President Donald J. Trump, seen through a window, watches a television in the press office as newscasters talk about him moments after he was speaking with members of the coronavirus task force during a briefing in response to the COVID-19 coronavirus pandemic in the James S. Brady Press Briefing Room at the White House. (Jabin Botsford/The Washington Post via Getty Images)

Arrest records and officials contradict Trump's claim that he only went to bunker for "inspection"

“It was a false report," Trump claimed. "It was much more for an inspection"



Igor Derysh
June 4, 2020 7:18PM (UTC)

President Donald Trump attempted to edit real-life like an episode of "The Apprentice" by claiming that he was only in the White House bunker amid protests over the death of George Floyd in order to "inspect it."

But sources told The Washington Post that the president and his family were rushed to the underground bunker after a group of protesters breached White House barriers, and arrest records also back up those claims.

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Trump, first lady Melania Trump and their son Barron were taken to the underground bunker underneath the White House on Friday for a little under an hour, The New York Times first reported.

Trump was "angered" by the reports, which led him to stage a photo-op Monday in front of a nearby church, prompting officials to tear gas peaceful protesters to clear Lafayette Park, multiple outlets reported.

Trump on Wednesday tried to spin the incident as just an "inspection."

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"It was a false report. I wasn't down. I went down during the day, and I was there for a tiny little short period of time, and it was much more for an inspection," Trump claimed in a radio interview with "Fox & Friends" co-host Brian Kilmeade. "There was no problem during the day . . . And these problems are during the night not during the day."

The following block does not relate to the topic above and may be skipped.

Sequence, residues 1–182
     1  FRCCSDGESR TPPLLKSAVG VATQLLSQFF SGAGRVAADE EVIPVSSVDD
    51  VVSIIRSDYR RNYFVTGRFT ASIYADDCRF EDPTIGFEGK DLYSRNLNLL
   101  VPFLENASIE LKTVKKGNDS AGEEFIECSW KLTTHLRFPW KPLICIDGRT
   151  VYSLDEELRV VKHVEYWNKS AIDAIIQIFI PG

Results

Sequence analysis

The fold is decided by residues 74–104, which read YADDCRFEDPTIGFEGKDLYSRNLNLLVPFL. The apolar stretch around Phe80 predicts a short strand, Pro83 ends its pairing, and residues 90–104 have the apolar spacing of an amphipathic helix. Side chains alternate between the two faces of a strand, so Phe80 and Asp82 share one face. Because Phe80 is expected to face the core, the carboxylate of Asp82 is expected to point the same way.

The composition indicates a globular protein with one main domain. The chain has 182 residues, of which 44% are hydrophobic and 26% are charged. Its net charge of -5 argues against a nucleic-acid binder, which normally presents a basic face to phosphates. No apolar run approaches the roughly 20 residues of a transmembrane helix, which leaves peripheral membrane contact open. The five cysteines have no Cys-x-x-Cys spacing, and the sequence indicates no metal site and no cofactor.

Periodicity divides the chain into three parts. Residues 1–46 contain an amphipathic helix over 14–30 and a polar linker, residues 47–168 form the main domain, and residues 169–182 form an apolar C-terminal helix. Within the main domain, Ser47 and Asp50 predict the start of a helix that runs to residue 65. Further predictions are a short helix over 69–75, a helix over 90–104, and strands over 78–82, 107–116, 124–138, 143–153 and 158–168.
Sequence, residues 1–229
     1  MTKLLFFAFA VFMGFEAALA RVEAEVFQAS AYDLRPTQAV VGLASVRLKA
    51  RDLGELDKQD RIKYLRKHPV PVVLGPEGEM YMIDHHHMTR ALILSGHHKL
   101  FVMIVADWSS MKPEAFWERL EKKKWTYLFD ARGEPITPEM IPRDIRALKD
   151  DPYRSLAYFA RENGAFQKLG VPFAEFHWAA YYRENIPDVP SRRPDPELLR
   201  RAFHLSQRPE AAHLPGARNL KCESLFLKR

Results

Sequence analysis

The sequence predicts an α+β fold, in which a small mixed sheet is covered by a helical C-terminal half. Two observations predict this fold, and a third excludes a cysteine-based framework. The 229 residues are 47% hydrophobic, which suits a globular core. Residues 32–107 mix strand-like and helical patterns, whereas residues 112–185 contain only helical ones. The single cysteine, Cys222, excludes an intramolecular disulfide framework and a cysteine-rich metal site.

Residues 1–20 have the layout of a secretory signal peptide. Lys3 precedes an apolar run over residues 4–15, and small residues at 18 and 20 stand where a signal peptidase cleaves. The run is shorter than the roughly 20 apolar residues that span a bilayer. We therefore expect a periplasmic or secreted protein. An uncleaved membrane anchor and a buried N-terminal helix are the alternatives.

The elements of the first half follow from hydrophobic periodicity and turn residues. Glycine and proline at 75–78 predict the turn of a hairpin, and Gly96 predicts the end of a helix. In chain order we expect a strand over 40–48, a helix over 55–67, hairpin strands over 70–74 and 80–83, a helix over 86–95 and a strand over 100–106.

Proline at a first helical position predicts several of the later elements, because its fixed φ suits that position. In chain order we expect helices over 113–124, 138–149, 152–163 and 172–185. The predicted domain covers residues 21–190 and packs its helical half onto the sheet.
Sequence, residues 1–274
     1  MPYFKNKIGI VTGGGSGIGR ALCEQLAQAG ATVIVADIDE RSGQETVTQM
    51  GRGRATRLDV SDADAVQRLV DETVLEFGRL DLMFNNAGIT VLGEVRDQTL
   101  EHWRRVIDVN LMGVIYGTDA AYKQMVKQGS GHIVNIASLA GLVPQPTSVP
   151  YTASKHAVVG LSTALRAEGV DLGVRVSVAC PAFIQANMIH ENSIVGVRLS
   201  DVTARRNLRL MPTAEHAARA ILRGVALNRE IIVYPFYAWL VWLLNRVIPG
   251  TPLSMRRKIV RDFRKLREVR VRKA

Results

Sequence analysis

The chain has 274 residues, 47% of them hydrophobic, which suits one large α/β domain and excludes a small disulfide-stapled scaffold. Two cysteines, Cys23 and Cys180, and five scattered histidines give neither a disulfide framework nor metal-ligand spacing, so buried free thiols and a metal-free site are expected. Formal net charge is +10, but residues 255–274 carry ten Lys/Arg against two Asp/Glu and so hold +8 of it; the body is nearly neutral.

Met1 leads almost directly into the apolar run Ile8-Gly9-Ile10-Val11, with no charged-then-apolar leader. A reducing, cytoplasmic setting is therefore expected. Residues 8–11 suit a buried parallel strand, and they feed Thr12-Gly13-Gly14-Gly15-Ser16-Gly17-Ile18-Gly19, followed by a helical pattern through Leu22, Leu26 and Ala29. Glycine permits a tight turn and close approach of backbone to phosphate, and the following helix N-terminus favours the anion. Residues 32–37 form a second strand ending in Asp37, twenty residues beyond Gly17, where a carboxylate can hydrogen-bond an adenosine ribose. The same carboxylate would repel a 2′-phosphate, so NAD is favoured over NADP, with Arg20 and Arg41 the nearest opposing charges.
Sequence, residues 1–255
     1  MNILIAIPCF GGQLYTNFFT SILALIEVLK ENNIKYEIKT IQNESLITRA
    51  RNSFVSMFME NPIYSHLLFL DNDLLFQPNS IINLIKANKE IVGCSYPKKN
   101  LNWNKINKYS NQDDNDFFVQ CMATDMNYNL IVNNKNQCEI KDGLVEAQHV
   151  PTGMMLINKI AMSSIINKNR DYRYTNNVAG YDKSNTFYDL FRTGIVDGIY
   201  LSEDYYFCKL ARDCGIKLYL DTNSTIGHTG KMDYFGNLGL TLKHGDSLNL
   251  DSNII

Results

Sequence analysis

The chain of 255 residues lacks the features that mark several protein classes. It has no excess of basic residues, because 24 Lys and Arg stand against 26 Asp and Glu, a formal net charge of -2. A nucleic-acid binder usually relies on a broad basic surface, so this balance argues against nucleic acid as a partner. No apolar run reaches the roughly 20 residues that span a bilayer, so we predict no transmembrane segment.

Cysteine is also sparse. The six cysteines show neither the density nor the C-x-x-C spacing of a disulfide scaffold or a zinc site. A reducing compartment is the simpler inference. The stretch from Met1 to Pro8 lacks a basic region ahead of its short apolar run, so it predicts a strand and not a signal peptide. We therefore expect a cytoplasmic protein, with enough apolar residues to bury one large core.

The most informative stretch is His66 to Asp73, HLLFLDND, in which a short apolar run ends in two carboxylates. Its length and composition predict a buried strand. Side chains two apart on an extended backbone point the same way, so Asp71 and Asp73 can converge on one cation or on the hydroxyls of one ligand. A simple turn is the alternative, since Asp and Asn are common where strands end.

Trump insisted that he regularly inspects the bunker.

"I go down. I've gone down two or three times, all for inspection. And you go there — someday you may need it," he claimed. "But you go there, and I went down. I looked at it. It was during the day. It was not a problem, and I read about it It was like a big thing. There was never a problem. We never had a problem. Nobody ever came close to giving us a problem."

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"So you're telling me, Mr. President, they didn't say to you, 'You have to go downstairs. My responsibility is your welfare?' They didn't limit you at all in the house?" Kilmeade pressed.

"Nope, they didn't tell me that at all," Trump insisted. "But they said it would be a good time to go down. 'Take a look, because maybe sometime you're going to need it' . . . I was down for a very very short period of time — very, very short period of time. I can't tell you who went with me, but a whole group of people went with me as an inspecting factor. I was back-up, and Brian it was during the day. It wasn't during the night. I think they reported during the night."

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But law enforcement officials and sources familiar with the incident told The Washington Post that Trump's story was complete bunk.

Trump was rushed to the bunker with Melania and Barron after a group of protesters breached temporary barricades set up to keep protesters away at around 7 p.m., according to arrest records and sources. The Secret Service detained at least four protesters, who were charged with unlawful entry at 1600 Pennsylvania Ave., the address of the White House, arrest records show.

The breach came around the same time that the Secret Service raised its alert level at the White House from "yellow" to "red," a law enforcement official told the outlet. Officials familiar with the incident told colleagues that Trump, Melania and Barron were rushed to the bunker after breach, The Post reported.

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Two of the people arrested in the breach told the outlet they were "stunned" their actions were linked to the bunker episode.

"I didn't even realize what I did was illegal," one of the protesters said. "I stepped over a barricade. I never got onto the Treasury grounds or White House grounds."


Igor Derysh

Igor Derysh is a staff writer at Salon. His work has also appeared in the Los Angeles Times, Chicago Tribune, Boston Herald and Baltimore Sun.

Tips/Email: iderysh@salon.com Twitter: @IgorDerysh

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